Strictly Slamming Swindon – Swindon Poetry Slam – Swindon Festival of Literature 2017

No Slam funk. No Slam clunk. Slam dunk!

 

The Harlem Globetrotters of Powerful Poetry were in Swindon last night. Hoop after whoop after whoop. Tuppenny Craft and Los Gatos hostelries both asked us to turn the noise down.

 

The slam poets had issues with us: social issues like fibromyalgia, glass ceilings and suicide vests (poetic license).

 

Swaying and handclapping the length of the crowd from balcony to front row, hosts Sara-Jane and Steve set the tone. Hot Stuff set the evening on its Strictly Slamming Trajectory as at every burst of music, slam lovers got Bowie-Jagger Dancing in the … in the … aisles.

 

The 21st Swindon Slam broke the rules and the record books with Sarah-Jane observing ‘Camaraderie amongst the poets is disturbing’. In a packed, dark auditorium where 50 people were slam virgins it was always going to be a throbbing night. Boots stomped the floor upside our heads.

 

Points were awarded for: writing, performance and warmth of audience response. Each slamster had 3 minutes max; enough time to boil an egg. We had some omelets and scrambled egg poems but most of them simply, succulently sunny side up.

 

So that’s dancing school and cooking school and then we had the Sarah Cheering School. Supersonic cheering, whooping, clapping, banging, whistling, winking, kissing and Mexican Waving. The wonderful Festival Volunteers replaced the roof.

 

Host Steve tested the scoring system with “When I phoned in sick to work with Man Flu I never felt better”. Audience whooped-up like a BBC green-roomed and sign-shown studio audience.

 

When Heather Still told us that genetic disease would take nothing from you a very whooped-up crowd clapped amazingly, and this time, Swindon Arts Centre staff replaced the roof in time for Steve Daniels in the Poet 2 Slot. We were not really ready for his cleverness nor for Taylor Swift antidotes ‘the shark’s fin slam arsonist glow between parents and children, between poet and audience’.

 

Which left us panting for more, not expecting the Nick Lovell high volume, Race for Life that lost out to a mortgage … and lost out to depression.

 

The self-proclaimed Seamus Heaney of the poetry performance slam Peter Wyton, who had first graced the Swindon Slam stage 20 years ago, mumbled ‘bloody mumblers every one’.

 

Nick told us that the Education Bus does not stop round here.

We also heard from other poets that 25 years of sparkle was never enough to walk in the shadow with Kimberley.

And that…

Flicker flames of hope needed breathing apparatus for Ivor’s mattress fire that gave fevered fear, second by scrutinising second, such that no witness could say ‘there is no English Civil War’.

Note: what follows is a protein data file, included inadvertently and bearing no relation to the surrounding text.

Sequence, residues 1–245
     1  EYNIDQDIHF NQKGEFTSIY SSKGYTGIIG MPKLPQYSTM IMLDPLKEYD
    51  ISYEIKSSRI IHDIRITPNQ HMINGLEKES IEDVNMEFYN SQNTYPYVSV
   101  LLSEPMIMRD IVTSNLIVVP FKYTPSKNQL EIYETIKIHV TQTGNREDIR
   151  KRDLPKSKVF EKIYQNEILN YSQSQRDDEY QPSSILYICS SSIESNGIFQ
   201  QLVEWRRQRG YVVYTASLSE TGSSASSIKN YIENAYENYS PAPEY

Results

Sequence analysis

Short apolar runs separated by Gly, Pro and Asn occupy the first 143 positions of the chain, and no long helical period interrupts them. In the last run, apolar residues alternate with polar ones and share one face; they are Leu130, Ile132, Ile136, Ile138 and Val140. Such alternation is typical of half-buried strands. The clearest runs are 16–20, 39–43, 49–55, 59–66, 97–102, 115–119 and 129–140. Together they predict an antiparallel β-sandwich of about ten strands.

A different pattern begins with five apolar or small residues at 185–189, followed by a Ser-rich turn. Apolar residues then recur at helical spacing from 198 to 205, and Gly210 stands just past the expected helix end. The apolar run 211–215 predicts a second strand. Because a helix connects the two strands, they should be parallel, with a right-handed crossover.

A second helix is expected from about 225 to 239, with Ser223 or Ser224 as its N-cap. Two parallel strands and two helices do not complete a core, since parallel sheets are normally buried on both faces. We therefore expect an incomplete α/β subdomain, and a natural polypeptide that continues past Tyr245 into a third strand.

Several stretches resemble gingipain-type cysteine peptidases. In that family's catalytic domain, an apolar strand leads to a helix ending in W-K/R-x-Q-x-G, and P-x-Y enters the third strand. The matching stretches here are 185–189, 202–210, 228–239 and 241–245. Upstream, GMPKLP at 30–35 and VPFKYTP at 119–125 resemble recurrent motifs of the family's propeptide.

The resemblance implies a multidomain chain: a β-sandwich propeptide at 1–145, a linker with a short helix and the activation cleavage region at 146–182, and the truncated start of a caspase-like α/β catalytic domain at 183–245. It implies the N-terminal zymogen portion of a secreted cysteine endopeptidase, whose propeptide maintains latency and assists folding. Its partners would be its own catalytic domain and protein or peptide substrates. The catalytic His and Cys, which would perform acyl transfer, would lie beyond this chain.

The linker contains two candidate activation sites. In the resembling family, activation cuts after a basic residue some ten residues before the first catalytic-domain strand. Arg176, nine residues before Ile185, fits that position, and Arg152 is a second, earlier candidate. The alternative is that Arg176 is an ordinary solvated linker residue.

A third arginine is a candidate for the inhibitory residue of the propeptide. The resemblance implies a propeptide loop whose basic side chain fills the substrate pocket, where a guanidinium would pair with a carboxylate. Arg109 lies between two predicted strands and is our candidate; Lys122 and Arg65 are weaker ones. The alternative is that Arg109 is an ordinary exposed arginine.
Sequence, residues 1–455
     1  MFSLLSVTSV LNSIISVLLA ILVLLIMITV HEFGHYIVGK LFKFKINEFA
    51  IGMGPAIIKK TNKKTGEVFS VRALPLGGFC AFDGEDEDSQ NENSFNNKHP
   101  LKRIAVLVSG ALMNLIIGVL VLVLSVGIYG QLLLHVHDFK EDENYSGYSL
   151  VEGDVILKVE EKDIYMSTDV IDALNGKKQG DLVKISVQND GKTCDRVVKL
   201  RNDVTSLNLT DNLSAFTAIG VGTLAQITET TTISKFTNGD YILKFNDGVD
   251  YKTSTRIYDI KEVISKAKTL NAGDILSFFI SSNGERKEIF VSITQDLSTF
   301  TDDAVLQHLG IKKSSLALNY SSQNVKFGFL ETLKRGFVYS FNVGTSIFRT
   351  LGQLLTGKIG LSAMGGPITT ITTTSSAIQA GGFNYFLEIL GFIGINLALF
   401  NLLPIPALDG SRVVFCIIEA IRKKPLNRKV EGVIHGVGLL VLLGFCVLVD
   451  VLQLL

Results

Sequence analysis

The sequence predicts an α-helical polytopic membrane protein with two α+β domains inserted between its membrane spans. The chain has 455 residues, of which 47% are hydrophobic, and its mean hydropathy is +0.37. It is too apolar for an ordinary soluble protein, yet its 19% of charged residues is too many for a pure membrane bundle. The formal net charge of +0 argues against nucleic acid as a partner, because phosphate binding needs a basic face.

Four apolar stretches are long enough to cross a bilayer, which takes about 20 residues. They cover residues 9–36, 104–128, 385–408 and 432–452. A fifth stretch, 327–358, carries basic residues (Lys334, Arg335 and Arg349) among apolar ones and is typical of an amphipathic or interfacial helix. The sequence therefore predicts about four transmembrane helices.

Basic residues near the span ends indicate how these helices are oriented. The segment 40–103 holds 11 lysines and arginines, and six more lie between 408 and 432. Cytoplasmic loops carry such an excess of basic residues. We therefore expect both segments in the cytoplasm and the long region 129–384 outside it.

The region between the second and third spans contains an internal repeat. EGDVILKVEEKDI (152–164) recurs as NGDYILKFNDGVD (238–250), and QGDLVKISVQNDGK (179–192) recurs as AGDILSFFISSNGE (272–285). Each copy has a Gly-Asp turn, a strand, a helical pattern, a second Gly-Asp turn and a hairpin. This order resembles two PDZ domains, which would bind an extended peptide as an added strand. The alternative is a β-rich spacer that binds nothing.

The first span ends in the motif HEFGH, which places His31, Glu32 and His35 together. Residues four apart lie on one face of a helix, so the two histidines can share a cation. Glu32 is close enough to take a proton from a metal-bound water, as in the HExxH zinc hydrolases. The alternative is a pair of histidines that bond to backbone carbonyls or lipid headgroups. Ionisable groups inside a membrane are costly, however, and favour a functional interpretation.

Joy asked ‘Can you spell fibro myalgia with your ‘globules of brain cells and your limb-dead death clawing finger nail marks on my sanity. Got your back hypochondriac! was strongly declared.

 

We truly saw a galaxy of star stuff and considered ‘shrinking violets only as good as our broadband speed’. We also looked over the shoulders of ‘a three witch coven each with a bun in the oven’.

 

Evoking a potential lover, Joy, would ‘lick off your stubble if not to much trouble’ and invite her unrequited lover to ‘play with the rubble of her broken heart’

 

Andy had our hearts trembling as he journeyed us, like a troop of donkeys quicksand-stuck and pinned and penned to the fence at his boys’ school. With crystal at end of nose ‘You made me crawl.’

 

‘All I desired was to be me’ one poet opined. The males in the audience shuddered at these words ‘your sexist arse is nailed’.

 

Ooopz upside your head

 

The mix of the more, and less experienced poets, rammed home to the sensitive audience what particularly high skill slam poetry is. Two contestants misspoke or brain faded – who wouldn’t in this type of highly prized, camerardiac competition.

 

‘You’re Fired’ but we’ll help you pack your case and pay for your taxi home after a Tuppenny drink with you.

 

It was not an easy ride. It was exhilarating. The sheer power of words performed under pressure. Note a distinct lack of pastoral poetry. We did not, last night at the Swindon Arts Centre wander lonely as clouds. We foot-stomped, whistled and danced in the aisles.

Tony Hillier for the Swindonian at Swindon Literature Festival’s Poetry Slam 6 May 2017.

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